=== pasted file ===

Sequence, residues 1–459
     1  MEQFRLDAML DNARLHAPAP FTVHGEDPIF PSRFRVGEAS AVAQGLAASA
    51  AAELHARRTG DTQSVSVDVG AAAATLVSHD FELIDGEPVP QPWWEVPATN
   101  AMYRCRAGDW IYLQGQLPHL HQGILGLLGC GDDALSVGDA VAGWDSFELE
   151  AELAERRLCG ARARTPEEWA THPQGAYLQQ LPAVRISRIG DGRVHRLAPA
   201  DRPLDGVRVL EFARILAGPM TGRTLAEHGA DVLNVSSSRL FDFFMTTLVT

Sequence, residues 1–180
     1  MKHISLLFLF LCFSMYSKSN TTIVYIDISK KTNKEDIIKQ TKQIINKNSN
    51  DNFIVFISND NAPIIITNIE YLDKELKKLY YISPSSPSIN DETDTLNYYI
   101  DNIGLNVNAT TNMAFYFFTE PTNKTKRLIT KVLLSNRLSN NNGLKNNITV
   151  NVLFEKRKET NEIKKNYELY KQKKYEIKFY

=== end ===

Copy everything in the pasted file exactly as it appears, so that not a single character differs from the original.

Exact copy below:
Sequence, residues 1–459
     1  MEQFRLDAML DNARLHAPAP FTVHGEDPIF PSRFRVGEAS AVAQGLAASA
    51  AAELHARRTG DTQSVSVDVG AAAATLVSHD FELIDGEPVP QPWWEVPATN
   101  AMYRCRAGDW IYLQGQLPHL HQGILGLLGC GDDALSVGDA VAGWDSFELE
   151  AELAERRLCG ARARTPEEWA THPQGAYLQQ LPAVRISRIG DGRVHRLAPA
   201  DRPLDGVRVL EFARILAGPM TGRTLAEHGA DVLNVSSSRL FDFFMTTLVT

Sequence, residues 1–180
     1  MKHISLLFLF LCFSMYSKSN TTIVYIDISK KTNKEDIIKQ TKQIINKNSN
    51  DNFIVFISND NAPIIITNIE YLDKELKKLY YISPSSPSIN DETDTLNYYI
   101  DNIGLNVNAT TNMAFYFFTE PTNKTKRLIT KVLLSNRLSN NNGLKNNITV
   151  NVLFEKRKET NEIKKNYELY KQKKYEIKFY